A complex political statement, Amigo is epic in scale but trades the schmaltz of the traditional war film for a more resolute treatment of subject. The themes, characters and plotlines are hefty and resonant, and writer/director John Sayles treats each with sensitivity. Sayles is known for compassionately portraying his characters, and here they're pawns in a war they did nothing to start. Sayles layers the conflicts to examine the contrast between enemies and friends, and his exploration of the effects of governmental, local and insurgent interests is fascinating. He clearly feels heroism and villainy co-exist organically, even within the same being. Set during the U.S. occupation of the Philippines at the turn of the twentieth century (a.k.a. the Philippine-American War), Indie giant Sayles mixes his favorite themes into an elaborate cocktail as delicate as it is bitter. With no great star draws, Sayles' own reputation should provide decent box office returns.
Sayles perfectly captures the rustic charm of a feudal village. Rafael (Joel Torre) functions as the community's autocrat, a benevolent taskmaster who merely reaps the rewards from the toil of others. He takes great pride in his position even while the villagers don't necessarily take great pains to hide their resentment. They spend their days immersed in the rice patties while he struts and preens. Rafael occasionally redeems himself by meting out justice in a manner that respects all parties involved and maintains the gentle calm of village life. Though fraught with tiny discomforts, all involved seem amiable; characters engaged in an ancient albeit slightly comic tangle.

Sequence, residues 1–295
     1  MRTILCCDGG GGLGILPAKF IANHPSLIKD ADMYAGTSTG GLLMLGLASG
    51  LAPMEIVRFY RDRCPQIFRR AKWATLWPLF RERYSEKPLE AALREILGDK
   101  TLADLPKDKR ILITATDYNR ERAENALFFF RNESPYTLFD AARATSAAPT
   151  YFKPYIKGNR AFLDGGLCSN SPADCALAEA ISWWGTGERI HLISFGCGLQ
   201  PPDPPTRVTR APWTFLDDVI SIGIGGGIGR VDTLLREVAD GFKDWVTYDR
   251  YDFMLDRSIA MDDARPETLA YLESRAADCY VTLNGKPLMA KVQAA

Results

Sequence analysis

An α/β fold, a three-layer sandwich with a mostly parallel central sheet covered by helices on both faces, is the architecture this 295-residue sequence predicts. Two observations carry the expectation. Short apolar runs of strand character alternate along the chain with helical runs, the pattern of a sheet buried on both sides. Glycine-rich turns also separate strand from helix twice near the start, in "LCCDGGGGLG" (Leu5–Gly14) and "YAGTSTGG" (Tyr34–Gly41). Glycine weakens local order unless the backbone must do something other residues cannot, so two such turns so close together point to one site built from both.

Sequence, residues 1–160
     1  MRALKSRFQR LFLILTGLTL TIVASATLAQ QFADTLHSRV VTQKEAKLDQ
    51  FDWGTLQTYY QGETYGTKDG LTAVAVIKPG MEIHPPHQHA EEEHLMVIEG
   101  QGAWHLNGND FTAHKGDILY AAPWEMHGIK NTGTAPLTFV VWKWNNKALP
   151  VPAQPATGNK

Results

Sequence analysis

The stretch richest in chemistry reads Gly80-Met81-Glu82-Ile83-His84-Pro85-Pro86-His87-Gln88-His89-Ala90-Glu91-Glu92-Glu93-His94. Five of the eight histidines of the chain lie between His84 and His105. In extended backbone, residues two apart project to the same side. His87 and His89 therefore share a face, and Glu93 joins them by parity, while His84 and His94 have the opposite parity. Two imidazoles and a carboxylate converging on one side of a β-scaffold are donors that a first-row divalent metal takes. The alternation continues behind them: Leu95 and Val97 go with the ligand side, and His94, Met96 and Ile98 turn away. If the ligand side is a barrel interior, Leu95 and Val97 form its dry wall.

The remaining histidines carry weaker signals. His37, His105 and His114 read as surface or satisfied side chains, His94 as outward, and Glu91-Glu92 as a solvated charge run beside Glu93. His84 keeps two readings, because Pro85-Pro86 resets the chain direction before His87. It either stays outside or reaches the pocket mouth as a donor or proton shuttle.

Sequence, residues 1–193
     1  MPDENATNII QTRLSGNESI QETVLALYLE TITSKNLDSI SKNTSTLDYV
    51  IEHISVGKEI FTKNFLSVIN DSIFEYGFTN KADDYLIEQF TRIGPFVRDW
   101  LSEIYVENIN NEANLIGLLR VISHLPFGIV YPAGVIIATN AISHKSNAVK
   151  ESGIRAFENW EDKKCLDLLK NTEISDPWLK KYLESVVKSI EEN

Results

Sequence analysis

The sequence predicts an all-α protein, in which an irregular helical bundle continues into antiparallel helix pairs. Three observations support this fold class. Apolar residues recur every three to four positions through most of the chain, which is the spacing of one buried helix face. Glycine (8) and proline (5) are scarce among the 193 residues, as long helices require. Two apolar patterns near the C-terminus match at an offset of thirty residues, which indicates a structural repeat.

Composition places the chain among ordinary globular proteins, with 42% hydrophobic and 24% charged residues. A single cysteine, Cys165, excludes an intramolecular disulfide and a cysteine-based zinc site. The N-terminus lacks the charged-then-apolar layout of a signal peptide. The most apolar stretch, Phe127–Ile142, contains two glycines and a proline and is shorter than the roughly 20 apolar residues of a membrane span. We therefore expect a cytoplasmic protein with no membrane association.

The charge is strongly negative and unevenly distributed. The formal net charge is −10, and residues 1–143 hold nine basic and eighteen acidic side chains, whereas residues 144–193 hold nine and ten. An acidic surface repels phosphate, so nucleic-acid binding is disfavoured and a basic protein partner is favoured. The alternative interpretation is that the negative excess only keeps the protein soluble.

Foreign invaders in the form of musket-toting U.S. soldiers burst into this oddly idyllic setting. The clash of cultures is immediate and electric. Yes, the racism is rampant, but subtle bonds also become apparent. Individuals in this troupe, from the commander down to the lowest ranked soldier, find that their objectives in the town are not so cut and dry. The invaders are also victims of circumstance: each individual has a commander to whom he must answer, and a conscience that often contradicts that commander. No one may freely indulge in his conscience.
Rebel forces surround the township, further complicating the situation. Rafael's brother leads these guerrillas and adds another layer of danger as the fragile peace established with the Americans is teetering.
Rafael is ultimately defeated (despite his pride) and forced into a bizarre act of redemption. A series of missteps leads to a shattering conclusion that makes restoration unattainable. No one wins. Sympathetic characters, decent folks really, got caught on opposite sides, overwhelmed by the worst of circumstances, and no one was the better for it. Sayles' sting is as sharp as ever, reminding us of the hapless nature of existence, one where compassion is not always an option and never enough.
Distributor: Variance Films
Cast: Joel Torre, Chris Cooper, Ronnie Lazaro, Yul Vazquez, Garret Dillahunt
Director/Screenwriter: John Sayles
Producers: Maggie Renzi
Genre: Historical Drama
Rating: R for some violence and language
Running Time: 128 min.
Release Date: August 19 ltd.